Variety: Donations of Appreciated Stock Can Unlock Charitable Currency, Bring Fulfillment
To view this article in Variety, click here.
Donations of Appreciated Stock Can Unlock Charitable Currency, Bring Fulfillment
by Steve Gamer, Vice President, Advancement
A few years ago, the Jewish Community Foundation of Los Angeles (The Foundation) ran an advertisement with an attention-grabbing headline: To open a charitable fund there, a person didn’t need to be a millionaire just a mensch – Yiddish for a good person of integrity and honor.
As vice president of advancement at The Foundation, it is my privilege to work on a daily basis with many of our donors – both people with wealth and of comparatively ordinary means – and I can tell you with absolute certainty that being a millionaire and a mensch are not mutually exclusive propositions. What unites the charitable-minded is a commitment to giving back and of making the world a better place – the precept of tikkun olam – while ingraining philanthropy within their guiding principles.
For hundreds of our donors, their instruments of choice are donor advised funds (DAFs) – essentially a charitable-giving account – established at and administrated by The Foundation. DAFs are among the most popular, fastest-growing philanthropic vehicles in the United States – and for good reason. DAFs allow donors to: contribute to funds that they establish, recognize a fair-market-value (FMV) tax deduction on their donations (presuming you itemize and not take the standard deduction), and then enjoy the flexibility of recommending grants to a virtual limitless range of nonprofits on their own timetable – immediately or in the future. For a comparatively small annual administrative fee, DAFs afford many benefits of a private foundation: Donors are free to experience the joys of charitable giving and focus on their philanthropic passions, while leaving all the administrative and investment management entirely to The Foundation.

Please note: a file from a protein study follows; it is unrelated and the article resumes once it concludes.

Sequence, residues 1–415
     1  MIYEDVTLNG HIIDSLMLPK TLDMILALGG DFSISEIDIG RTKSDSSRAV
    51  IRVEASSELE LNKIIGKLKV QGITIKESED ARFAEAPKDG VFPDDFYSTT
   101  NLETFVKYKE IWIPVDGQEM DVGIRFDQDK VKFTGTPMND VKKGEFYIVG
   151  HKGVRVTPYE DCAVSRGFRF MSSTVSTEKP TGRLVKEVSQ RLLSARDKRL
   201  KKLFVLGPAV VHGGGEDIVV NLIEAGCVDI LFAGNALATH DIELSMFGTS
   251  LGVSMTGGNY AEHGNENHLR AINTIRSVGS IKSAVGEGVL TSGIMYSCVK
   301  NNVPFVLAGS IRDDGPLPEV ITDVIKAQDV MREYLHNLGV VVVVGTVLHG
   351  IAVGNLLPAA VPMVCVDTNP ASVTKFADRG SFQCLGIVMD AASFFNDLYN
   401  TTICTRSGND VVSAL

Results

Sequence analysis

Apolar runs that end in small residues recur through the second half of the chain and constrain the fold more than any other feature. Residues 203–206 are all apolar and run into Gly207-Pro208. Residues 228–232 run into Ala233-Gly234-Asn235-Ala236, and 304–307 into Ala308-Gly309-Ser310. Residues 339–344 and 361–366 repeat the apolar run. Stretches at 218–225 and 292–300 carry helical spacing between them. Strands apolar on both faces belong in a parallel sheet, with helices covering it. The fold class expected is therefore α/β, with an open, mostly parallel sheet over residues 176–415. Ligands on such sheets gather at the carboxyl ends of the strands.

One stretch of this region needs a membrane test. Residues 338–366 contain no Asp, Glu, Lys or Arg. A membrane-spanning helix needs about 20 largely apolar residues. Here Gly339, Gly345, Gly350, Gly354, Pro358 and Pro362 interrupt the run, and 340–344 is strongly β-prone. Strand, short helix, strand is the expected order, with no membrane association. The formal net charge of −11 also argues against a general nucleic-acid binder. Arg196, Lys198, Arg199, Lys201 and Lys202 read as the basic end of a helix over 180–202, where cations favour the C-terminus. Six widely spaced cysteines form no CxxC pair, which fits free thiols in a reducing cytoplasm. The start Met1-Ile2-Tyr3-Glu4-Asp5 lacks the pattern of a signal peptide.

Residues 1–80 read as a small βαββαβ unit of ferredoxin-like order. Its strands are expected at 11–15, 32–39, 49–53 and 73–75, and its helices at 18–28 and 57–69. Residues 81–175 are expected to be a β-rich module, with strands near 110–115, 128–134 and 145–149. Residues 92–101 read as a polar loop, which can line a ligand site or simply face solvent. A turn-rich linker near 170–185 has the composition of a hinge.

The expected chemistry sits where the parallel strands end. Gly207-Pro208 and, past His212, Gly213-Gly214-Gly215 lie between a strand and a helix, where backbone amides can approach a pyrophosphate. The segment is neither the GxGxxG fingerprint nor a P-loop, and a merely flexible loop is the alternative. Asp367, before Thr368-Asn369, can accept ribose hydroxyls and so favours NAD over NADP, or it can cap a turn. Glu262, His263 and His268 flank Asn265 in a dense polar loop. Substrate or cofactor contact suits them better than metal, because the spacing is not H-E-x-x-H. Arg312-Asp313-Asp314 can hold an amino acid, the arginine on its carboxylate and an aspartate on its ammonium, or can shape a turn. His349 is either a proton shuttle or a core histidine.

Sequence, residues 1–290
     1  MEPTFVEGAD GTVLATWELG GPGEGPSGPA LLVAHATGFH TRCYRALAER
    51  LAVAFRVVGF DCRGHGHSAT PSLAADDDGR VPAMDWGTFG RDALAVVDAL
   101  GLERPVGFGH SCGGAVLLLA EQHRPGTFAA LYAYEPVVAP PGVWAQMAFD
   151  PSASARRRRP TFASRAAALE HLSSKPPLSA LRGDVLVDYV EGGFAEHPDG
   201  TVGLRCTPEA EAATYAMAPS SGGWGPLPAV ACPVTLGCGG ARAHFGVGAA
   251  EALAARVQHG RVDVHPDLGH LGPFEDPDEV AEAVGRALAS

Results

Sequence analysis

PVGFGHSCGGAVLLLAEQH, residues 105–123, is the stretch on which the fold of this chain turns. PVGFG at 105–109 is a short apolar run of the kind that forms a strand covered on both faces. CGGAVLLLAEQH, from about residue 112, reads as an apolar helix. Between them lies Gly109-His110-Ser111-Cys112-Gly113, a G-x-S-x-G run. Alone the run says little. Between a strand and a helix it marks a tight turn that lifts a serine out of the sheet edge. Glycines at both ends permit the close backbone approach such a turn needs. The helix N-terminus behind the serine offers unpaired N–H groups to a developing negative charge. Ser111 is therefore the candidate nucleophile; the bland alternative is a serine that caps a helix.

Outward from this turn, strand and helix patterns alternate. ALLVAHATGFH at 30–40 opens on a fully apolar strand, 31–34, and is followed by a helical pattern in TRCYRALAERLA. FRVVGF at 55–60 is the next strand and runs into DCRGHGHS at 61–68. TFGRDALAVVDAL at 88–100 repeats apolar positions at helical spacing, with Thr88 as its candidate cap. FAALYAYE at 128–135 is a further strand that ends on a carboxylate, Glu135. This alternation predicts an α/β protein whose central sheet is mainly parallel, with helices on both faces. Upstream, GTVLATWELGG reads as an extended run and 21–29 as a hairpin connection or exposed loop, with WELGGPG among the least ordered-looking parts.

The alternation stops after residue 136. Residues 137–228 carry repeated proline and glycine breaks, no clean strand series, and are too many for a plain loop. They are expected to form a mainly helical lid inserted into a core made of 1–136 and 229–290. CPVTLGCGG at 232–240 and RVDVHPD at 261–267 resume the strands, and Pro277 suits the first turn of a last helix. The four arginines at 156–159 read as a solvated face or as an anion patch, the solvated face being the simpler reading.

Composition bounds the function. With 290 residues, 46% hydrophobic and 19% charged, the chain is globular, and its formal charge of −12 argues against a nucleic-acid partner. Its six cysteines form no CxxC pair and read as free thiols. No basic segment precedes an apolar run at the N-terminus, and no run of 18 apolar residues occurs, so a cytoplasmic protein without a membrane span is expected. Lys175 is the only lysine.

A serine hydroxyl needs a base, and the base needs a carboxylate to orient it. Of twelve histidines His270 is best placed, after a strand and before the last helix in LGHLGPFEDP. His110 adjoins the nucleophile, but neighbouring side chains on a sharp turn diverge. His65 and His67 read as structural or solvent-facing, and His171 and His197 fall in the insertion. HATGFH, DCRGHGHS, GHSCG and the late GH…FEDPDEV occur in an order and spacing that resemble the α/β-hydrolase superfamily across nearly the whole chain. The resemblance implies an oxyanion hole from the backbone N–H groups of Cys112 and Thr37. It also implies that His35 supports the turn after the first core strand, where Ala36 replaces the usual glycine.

Unlocking Charitable Currency
The popularity of DAFs is, in no small measure, due to the ability they afford donors to contribute other assets, besides cash, to their funds, including publicly traded stocks and bonds, real estate and ownership interests in businesses, principally LLCs, and receive that same FMV deduction on their contribution. But wait, there’s more: Through gifts of appreciated assets, donors can potentially eliminate the capital-gains tax liability which you would incur if you sold the assets yourself and then donated the proceeds, prospectively increasing the amount available to charity by as much as 20 percent.
Michelle: Funding Philanthropy with Appreciated Stock
To illustrate how gifts of appreciated public-company stock can become charitable currency, consider the case of Michelle, who represents a composite of several actual Foundation donors. A single parent with two teenagers, Michelle is a long-tenured executive with a leading, publicly traded media and entertainment company. She is fortunate to earn a healthy salary, but after retirement-plan contributions, taxes, mortgage, private school and summer camp tuitions, synagogue membership and living costs, her available dollars for charity were not commensurate with the level at which she desired to give.